Rob Edgar writes:
We have a two-part interview recorded (now in the editing process) with guitarist Dave Fiuczynski, recorded ahead of his début appearance at Ronnie Scott’s with Rudresh Mahanthappa’s Gamak later that day, which I attended.
Compositionally, Mahanthappa is interesting: in the opening piece Waiting is Forbidden, blocks of repeated semitonal riffs played by Rudresh were underpinned by heavily syncopated guitar riffs from Fuze, bassist François Moutin’s piston-like speed and superhuman precision was intriguing as was drummer Dan Weiss’ rigorous drumming.
The group seemed to be split into two halves; the interplay between Mahanthappa and Fiuczynski was evident when they Fuze mimicked Mahanthappa’s tone using his the fretless neck of his double-necked guitar, and Weiss and Moutin played off each other expertly. The most striking moment of that gig came when the band performed a live ‘fade-out’, leaving just Fiuczynski playing his electric guitar with the volume at zero. The audience at Ronnie’s were so enthralled/quiet that you could hear every note coming from the stage.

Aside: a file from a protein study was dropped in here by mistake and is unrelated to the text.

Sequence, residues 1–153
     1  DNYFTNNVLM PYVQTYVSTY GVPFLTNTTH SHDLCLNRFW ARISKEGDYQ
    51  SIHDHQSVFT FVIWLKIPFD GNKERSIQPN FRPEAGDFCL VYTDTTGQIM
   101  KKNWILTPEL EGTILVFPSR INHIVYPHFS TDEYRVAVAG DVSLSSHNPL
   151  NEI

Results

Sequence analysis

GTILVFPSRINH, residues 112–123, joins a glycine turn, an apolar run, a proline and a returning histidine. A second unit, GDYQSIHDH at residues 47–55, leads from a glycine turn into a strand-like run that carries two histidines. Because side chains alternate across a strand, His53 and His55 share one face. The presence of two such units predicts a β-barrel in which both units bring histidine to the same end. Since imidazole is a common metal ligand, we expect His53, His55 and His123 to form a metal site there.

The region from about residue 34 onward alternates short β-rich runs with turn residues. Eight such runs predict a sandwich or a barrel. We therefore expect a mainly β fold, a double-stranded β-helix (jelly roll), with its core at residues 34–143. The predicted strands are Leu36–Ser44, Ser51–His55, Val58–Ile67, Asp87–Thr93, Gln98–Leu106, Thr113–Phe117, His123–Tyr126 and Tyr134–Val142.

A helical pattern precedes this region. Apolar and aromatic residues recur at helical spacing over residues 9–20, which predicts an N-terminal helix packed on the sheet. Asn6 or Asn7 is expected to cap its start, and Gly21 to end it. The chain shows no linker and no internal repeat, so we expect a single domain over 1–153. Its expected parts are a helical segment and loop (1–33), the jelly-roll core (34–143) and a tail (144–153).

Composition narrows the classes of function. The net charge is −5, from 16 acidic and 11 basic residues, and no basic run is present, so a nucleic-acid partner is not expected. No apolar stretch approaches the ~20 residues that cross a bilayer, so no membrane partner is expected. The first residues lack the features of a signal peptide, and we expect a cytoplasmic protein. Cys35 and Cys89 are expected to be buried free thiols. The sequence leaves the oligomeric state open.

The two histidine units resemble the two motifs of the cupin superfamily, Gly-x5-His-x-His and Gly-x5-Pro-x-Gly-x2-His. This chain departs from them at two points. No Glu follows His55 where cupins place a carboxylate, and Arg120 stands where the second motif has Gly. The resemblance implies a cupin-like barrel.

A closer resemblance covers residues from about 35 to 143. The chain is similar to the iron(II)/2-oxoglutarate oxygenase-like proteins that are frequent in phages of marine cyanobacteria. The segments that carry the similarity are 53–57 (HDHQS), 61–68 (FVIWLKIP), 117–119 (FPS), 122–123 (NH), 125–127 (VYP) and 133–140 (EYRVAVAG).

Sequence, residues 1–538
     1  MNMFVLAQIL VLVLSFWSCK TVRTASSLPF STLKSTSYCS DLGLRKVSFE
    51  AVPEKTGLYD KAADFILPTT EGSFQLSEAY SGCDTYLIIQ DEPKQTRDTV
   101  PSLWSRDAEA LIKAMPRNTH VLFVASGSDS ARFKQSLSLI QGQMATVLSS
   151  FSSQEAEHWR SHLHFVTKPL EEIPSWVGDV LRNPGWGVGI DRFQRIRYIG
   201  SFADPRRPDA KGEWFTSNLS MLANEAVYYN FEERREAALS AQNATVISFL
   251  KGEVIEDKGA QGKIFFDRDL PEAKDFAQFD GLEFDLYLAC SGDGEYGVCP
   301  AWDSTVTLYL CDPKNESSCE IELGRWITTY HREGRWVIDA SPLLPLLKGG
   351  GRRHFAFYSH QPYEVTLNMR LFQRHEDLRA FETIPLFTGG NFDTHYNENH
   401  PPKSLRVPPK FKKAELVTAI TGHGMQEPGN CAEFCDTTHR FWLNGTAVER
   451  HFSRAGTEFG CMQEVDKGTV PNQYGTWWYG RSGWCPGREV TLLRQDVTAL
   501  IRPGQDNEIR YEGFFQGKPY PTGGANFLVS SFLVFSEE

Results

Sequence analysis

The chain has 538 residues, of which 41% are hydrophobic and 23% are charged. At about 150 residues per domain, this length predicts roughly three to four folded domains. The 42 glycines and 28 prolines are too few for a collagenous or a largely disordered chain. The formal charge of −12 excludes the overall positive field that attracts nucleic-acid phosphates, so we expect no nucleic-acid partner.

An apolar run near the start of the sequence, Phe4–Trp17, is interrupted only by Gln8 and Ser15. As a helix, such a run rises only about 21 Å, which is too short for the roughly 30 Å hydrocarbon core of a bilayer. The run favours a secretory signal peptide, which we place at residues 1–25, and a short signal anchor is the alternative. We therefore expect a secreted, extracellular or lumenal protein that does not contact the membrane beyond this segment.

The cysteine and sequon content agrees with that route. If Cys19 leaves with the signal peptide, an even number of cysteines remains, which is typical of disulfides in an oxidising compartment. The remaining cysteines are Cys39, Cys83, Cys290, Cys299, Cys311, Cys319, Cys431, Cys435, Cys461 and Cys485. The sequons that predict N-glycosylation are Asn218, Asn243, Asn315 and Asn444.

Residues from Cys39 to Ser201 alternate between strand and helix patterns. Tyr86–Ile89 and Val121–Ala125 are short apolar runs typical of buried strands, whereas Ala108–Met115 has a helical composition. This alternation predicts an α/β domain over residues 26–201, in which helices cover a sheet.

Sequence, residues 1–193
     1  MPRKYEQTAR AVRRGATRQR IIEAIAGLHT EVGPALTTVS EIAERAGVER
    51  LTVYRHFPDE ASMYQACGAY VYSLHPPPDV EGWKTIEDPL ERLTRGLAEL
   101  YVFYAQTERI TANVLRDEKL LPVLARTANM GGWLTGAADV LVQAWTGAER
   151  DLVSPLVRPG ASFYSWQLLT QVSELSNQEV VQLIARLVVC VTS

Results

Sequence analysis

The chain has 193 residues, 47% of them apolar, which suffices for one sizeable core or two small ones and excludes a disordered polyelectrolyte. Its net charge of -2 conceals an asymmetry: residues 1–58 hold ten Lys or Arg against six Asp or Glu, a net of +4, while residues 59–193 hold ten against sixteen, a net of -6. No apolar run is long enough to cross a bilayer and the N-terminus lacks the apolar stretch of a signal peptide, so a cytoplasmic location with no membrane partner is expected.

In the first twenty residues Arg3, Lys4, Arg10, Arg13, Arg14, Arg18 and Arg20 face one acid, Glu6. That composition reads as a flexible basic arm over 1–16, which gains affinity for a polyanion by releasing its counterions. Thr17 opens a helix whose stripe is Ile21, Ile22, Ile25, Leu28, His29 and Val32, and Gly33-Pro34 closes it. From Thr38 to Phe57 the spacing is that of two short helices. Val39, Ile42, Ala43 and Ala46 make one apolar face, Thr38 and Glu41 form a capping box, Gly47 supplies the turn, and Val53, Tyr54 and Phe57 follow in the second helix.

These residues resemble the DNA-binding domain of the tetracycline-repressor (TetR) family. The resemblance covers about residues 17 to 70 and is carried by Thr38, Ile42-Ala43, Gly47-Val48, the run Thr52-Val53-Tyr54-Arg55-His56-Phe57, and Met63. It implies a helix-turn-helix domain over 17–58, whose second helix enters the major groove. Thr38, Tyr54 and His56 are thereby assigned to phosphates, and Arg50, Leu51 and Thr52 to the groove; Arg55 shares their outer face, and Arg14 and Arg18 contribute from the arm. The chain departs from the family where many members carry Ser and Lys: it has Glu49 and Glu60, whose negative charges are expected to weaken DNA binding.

The interview which we will publish is in two parts: some introductory questions and answers with Sebastian – we sense that there is a musician buzz about this music but that it will also be unfamiliar to many – followed by a conversation about specific compositions with London-based guitarist/composer Ant Law (PARENTAL ADVISORY: will contain microtones).
The Ronnie Scott’s gig was recorded by Jazz on 3 for transmission on September 23rd.
Throughout the gig I was reminded of the two Colemans: some of Rudresh Mahanthappa's compositions had the repetitive simplicity of Ornette, while his fast legato playing recalled Steve. That said, his overall approach is refreshing, and miles away from other jazz/Indian fusions.
Although this was Mahanthappa'a debut at Ronnie's, it was not “Fuze”'s….he played (and recorded) at the club with George Russell's predominantly British orchestra in 1989.